Guillermo del Toro Carves a Modern-Day Masterpiece with Pinocchio

Sommerleigh Pollonais, Senior Writer

Plot: A father’s wish magically brings a wooden boy to life in Italy, giving him a chance to care for the child.

Warning: Mild Spoilers Ahead

It’s a me, Pinocchio!

Review: I don’t know about you, but if it were possible I would love to spend a day inside the mind of Guillermo del Toro. To fans of fantasy and horror his name is synonymous with the phrase “beautifully macabre” and in his first ever animated feature Pinocchio, Del Toro’s ability to bring his imagination to vibrant life shines as bright as ever.

Most people are familiar with the story of woodworker Geppetto (David Bradley) a kind and affable man who lives in the idyllic countryside with his son Carlo (Gregory Mann), his pride and joy. Unlike the apparently boring and uninspired remake Disney released this year of the same tale (I say apparently because I didn’t watch it and I have no plans to) this tale of a wooden boy brought to life is decidedly more mature and places the story and its characters in Italy during the World War I. Del Toro has said in the past that growing up the way he did in Mexico he knows firsthand that the horrors of the world touches adults and children alike, and you only have to watch his past films like Pan’s Labyrinth and The Devil’s Backbone to see how seriously he treats the topic of childhood traumas. Continuing with this theme, a bomb is dropped, and young Carlo is killed, destroying Geppetto’s outlook on life in the process. Years later a desperate and grief-stricken Geppetto carves a puppet (this time he uses wood from a tree near his son’s grave) and the rest you should most definitely see for yourself.

Well, that’s not creepy at all

The beauty of stop-motion animation is it lends perfectly to Del Toro’s style of storytelling. It’s an artform that requires a delicate, thoughtful and precise touch to work, and as a director who cut his bones working with Mexican special effects teams on films, it allows for his imagination to come to life in a way that hand drawn animation just wouldn’t be able to pull off. Added to the gorgeous animation on hand is a fantastic and well-chosen cast of actors as Ewan McGregor (Sebastian J. Cricket, not named Jiminy this time around), Tilda Swinton (Wood Sprite and Death), Cate Blanchett (Spazzatura), Christopher Waltz (Count Volpe), Finn Wolfhard (Candlewick), Ron Perlman (Podestà) and a host of others bring these characters to life in ways that would make poor old Geppetto envious.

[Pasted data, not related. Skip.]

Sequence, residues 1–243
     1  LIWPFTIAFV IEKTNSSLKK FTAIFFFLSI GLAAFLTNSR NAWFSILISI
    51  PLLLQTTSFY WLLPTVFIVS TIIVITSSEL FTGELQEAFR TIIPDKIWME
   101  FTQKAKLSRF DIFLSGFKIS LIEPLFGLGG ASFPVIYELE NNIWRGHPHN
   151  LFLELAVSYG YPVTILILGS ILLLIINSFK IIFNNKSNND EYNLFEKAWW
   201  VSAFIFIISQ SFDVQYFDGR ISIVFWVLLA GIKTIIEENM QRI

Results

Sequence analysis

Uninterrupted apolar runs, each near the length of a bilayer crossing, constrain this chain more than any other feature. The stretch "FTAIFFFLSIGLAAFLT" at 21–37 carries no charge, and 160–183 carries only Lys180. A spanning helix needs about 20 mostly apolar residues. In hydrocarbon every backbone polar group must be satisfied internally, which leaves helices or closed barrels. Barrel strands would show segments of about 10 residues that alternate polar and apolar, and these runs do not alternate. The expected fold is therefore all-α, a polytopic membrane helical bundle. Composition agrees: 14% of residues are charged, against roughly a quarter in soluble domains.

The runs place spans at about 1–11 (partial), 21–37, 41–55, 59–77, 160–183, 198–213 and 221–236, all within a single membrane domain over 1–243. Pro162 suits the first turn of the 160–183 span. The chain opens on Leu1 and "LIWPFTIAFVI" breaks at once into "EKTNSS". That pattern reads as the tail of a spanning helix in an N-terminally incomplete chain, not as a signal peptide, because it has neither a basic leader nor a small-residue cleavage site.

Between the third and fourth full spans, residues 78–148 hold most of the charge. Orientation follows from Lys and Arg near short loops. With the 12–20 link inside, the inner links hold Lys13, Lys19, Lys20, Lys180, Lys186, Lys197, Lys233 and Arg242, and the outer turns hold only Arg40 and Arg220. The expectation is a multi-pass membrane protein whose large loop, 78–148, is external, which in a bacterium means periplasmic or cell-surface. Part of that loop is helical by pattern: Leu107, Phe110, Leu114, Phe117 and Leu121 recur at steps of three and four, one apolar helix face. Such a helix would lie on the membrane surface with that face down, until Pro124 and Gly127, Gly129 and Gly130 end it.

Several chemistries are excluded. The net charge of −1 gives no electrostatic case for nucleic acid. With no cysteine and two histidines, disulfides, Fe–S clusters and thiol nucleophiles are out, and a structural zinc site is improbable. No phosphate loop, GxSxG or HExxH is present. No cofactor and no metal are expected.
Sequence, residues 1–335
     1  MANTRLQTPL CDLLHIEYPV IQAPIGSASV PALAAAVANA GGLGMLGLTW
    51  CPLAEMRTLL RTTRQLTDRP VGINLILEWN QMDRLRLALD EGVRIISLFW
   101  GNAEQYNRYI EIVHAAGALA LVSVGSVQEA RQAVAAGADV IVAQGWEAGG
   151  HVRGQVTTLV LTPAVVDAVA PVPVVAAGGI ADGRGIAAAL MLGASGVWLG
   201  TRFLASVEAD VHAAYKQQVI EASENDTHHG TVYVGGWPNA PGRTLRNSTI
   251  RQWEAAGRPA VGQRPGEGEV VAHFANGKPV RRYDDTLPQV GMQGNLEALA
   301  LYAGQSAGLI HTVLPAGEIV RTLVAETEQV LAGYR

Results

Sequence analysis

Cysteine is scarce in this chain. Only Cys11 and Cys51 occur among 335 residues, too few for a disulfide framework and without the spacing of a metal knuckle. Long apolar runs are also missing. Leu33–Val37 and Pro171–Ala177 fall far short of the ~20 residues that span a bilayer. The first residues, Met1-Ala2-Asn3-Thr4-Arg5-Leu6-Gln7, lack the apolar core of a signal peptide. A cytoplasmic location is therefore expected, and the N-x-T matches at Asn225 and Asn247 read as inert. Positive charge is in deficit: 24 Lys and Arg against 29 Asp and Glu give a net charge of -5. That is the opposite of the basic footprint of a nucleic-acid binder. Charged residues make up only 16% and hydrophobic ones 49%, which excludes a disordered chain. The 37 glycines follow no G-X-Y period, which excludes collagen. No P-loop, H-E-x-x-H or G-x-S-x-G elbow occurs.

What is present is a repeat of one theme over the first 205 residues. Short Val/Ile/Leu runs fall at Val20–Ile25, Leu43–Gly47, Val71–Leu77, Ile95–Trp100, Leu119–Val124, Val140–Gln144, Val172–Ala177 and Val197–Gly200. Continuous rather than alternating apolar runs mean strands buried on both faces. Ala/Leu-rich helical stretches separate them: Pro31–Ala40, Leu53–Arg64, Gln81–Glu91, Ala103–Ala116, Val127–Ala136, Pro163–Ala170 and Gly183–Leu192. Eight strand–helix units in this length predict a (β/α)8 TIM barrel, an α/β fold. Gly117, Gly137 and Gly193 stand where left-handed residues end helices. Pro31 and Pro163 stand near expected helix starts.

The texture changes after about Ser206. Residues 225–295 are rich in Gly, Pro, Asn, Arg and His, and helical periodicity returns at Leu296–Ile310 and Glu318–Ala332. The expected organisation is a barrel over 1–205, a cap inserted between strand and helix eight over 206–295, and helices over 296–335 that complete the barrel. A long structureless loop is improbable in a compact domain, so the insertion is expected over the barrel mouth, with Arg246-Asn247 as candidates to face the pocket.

The inspired design choices for each of these characters update them in ways no one but Del Toro and his co-director Mark Gustafson (remember the television series The PJ’s? That was Gustafson!) could’ve thought up and takes a story that is admittedly long in the tooth and makes it feel wholly original.

He looks like a trustworthy chap. I really like the cut of his jib

The intricacies and beauty of Del Toro’s imagination comes to beautiful life here as this version of Pinocchio fully embraces the darker elements of this tale of a grieving father and the lengths he would go to have his son back in some shape or form. Deeper themes are explored too as Del Toro takes on the dangers of fascism, organised religion (especially considering the time period) and the importance of stopping to appreciate each and every moment we spend with loved ones while we have them. The superb award-worthy animation can stand head and shoulders with the likes of The Fantastic Mr. Fox or, one of my personal favorites, Kubo and the Two Strings. But most importantly Del Toro’s version of Pinocchio has his unique signature all over it and creates a modern-day masterpiece of an animated film the likes of which has been a bit lacking of late.

Don’t sleep on this one folks; whether you’re a fan of Pinocchio or not, this is the kind of movie that will go on to be considered a cinematic classic.

Score: 10 out of 10

Have you seen Pinocchio? What did you think of it? And you can check out more great content below:

HORROR FANTASY ‘PAN’S LABYRINTH’ IS AN UNFORGETTABLE JOURNEY
WENDELL AND WILD: CREATIVE BUT LANGUID STOP-MOTION HORROR COMEDY
GUILLERMO DEL TORO’S CABINET OF CURIOSITIES S1: ALL EPISODES RANKED

2755F829-2EEC-4A68-B6F7-F963F48C9D92 Sommerleigh of the House Pollonais. First of Her Name. Sushi Lover, Queen of Horror Movies, Comic Books and Binge Watching Netflix. Mother of two beautiful black cats named Vader and Kylo. I think eating Popcorn at the movies should be mandatory, PS4 makes the best games ever, and I’ll be talking about movies until the zombie apocalypse comes.

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